Thrive: Power, Success, and the Third Metric

I just finished reading Arianna Huffington’s book “Thrive” and it was amazing to see someone who is in such a prominent position of power with her own successful company and a largely followed figure in the media telling us instead of grinding ourselves out on the ever alluding path to success, fame, and fortune that we should really be slowing down, getting enough sleep, taking in the moment and focusing on our own wellness.

I think that this has been something largely lost in the pursuit of the American dream, as our society has almost devolved into drones looking at a computer screen, tablet, phone or some other device and losing out on what makes the world we live in actually work. When was the last time you actually stopped to notice something new or interesting in your morning commute? When was the last time you looked up and enjoyed the sky? When was the last time you actually took in any of your surroundings?

Arianna prescribes meditation as a way to gain mindfulness and find peace with yourself. Most people will probably write this off as “new age hippie bs” but I can say that meditation has had a better natural impact on reducing my stress and anxiety levels than medication ever has. I have been meditating on and off for the past 11 years after starting in 2003. I don’t think I truly understood the impact and power of it until this year though. The ability to “tune in” to your body and tune out to negative energies, bad thoughts, social distractions and everything else that fries our brain is a very important excerise. Meditation will not only make you feel more alert and aware but you will notice a difference in your happiness level, clarity of thought, and overall physical health.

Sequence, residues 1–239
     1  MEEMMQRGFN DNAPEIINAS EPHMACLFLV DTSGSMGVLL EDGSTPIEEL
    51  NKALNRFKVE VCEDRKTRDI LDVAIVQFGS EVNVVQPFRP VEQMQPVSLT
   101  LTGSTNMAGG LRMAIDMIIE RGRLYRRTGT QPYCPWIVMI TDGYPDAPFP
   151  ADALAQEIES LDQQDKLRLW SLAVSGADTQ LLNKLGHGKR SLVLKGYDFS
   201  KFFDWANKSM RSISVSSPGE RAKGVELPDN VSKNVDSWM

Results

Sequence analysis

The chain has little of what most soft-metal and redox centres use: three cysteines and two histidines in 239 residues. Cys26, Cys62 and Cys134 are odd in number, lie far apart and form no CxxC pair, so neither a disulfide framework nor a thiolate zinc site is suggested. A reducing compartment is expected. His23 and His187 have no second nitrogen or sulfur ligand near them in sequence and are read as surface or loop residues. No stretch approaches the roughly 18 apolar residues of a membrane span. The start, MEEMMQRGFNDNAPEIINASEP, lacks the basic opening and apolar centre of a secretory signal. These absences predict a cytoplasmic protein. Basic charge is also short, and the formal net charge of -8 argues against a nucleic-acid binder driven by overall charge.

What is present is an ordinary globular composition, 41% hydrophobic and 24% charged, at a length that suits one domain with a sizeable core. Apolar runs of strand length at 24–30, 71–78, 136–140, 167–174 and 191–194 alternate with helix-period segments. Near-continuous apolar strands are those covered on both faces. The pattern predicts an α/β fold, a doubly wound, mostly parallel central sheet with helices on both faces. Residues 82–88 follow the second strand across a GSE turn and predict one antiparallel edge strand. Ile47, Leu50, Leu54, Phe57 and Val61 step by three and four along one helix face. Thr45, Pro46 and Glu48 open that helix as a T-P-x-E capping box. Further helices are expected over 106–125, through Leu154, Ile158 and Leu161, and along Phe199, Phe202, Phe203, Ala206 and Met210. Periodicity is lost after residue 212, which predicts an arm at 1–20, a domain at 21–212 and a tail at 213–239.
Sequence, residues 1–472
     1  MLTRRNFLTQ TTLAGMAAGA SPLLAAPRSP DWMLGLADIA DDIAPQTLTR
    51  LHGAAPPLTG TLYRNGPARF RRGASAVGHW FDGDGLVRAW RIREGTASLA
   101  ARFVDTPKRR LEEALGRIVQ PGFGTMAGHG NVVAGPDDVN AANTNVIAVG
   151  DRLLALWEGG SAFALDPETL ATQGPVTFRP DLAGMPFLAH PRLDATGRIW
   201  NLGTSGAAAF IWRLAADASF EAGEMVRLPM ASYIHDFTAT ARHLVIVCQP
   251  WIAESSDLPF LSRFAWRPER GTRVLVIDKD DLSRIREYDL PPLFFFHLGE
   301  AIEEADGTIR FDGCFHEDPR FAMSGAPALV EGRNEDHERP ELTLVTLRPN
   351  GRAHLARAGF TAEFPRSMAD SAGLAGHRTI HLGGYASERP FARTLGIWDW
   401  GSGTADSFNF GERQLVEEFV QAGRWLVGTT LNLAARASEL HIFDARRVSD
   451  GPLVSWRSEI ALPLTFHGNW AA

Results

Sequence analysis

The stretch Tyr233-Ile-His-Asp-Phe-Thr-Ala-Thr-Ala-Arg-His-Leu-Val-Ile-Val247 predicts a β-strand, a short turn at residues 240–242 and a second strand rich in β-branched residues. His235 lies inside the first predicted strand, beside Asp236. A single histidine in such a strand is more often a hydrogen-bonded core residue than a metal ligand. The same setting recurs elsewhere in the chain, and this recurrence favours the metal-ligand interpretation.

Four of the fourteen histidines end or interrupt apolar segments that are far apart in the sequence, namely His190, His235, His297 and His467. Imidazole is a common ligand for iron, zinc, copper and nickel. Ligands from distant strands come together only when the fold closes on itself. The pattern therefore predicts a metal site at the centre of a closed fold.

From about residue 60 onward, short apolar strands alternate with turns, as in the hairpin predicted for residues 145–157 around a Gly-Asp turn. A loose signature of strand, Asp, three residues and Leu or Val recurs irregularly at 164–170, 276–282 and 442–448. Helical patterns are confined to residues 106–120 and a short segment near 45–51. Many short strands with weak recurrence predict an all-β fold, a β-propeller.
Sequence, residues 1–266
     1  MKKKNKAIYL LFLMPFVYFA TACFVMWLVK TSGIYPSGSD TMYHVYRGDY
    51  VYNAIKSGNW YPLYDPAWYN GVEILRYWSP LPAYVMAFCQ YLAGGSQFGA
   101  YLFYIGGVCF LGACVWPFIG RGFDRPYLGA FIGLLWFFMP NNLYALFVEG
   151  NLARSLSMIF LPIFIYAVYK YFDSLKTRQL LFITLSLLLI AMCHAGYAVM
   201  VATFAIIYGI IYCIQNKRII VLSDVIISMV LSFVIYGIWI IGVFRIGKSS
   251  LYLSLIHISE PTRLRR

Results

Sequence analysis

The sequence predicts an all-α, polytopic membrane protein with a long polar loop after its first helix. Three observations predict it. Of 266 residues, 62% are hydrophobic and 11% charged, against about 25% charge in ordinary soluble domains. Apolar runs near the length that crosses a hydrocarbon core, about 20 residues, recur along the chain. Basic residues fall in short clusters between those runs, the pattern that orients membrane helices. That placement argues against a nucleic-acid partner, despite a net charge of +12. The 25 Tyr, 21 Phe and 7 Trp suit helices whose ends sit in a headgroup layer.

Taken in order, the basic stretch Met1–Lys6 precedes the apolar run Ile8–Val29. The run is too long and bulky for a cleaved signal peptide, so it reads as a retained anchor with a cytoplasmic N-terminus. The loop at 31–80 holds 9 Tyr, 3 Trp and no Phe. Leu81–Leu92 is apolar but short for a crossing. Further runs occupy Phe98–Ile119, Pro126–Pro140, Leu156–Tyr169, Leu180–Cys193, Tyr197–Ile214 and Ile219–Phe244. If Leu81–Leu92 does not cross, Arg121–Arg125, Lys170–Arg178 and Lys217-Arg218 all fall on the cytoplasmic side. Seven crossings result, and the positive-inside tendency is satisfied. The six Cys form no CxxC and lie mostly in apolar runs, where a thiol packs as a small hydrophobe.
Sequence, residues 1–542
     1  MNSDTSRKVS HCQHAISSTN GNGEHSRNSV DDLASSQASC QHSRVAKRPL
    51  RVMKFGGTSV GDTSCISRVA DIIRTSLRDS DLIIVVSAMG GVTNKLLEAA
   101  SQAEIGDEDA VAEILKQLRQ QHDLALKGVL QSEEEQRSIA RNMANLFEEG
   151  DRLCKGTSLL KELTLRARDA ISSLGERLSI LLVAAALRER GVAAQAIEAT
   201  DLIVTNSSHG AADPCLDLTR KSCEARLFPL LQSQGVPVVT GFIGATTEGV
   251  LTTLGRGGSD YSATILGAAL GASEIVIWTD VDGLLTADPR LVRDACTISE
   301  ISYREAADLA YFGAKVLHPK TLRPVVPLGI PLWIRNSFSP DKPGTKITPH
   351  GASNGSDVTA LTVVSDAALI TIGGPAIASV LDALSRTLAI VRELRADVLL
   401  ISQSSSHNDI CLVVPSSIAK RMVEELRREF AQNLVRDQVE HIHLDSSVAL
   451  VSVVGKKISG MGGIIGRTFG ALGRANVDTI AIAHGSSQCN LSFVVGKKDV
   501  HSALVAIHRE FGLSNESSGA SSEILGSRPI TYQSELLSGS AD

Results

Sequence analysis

The proof in the effects of meditation is in the long list of famous celebrities who have adopted it. From Oprah Winfrey and Deepak Chopra to guys like Howard Stern and Hugh Jackman, the list of “famous” meditators is impressive and long (http://tmhome.com/experiences/famous-people-who-meditate). The Beatles attributed meditation to their success and they were the biggest band of all time. Rupert Murdoch meditates and has one of the biggest media conglomerates in history. Howard Stern has meditated daily since being a teenager and has also credited it as a major influence in his success. You can view his interview with the innovator of transcendental meditation, the Maharishi Mahesh Yogi here — http://www.youtube.com/watch?v=GJQweEsgupM.

In her book, Arianna had a really moving quote “We have roughly 30,000 days to play the game of life and that’s if we’re lucky.” Time is so limited and we don’t do enough to take care ourselves and focus on the things that truly matter. No one in your eulogy will refer to your job title, salary, or how hard you worked and how many long hours were put in for that promotion. They’ll talk instead about the way that you made them feel, the kind things that you did in your life when you probably didn’t have to, the caring nature you had with your family and the way you treated those less fortunate than you. Yet why is success, power, and riches all that seem to matter in corporate America?

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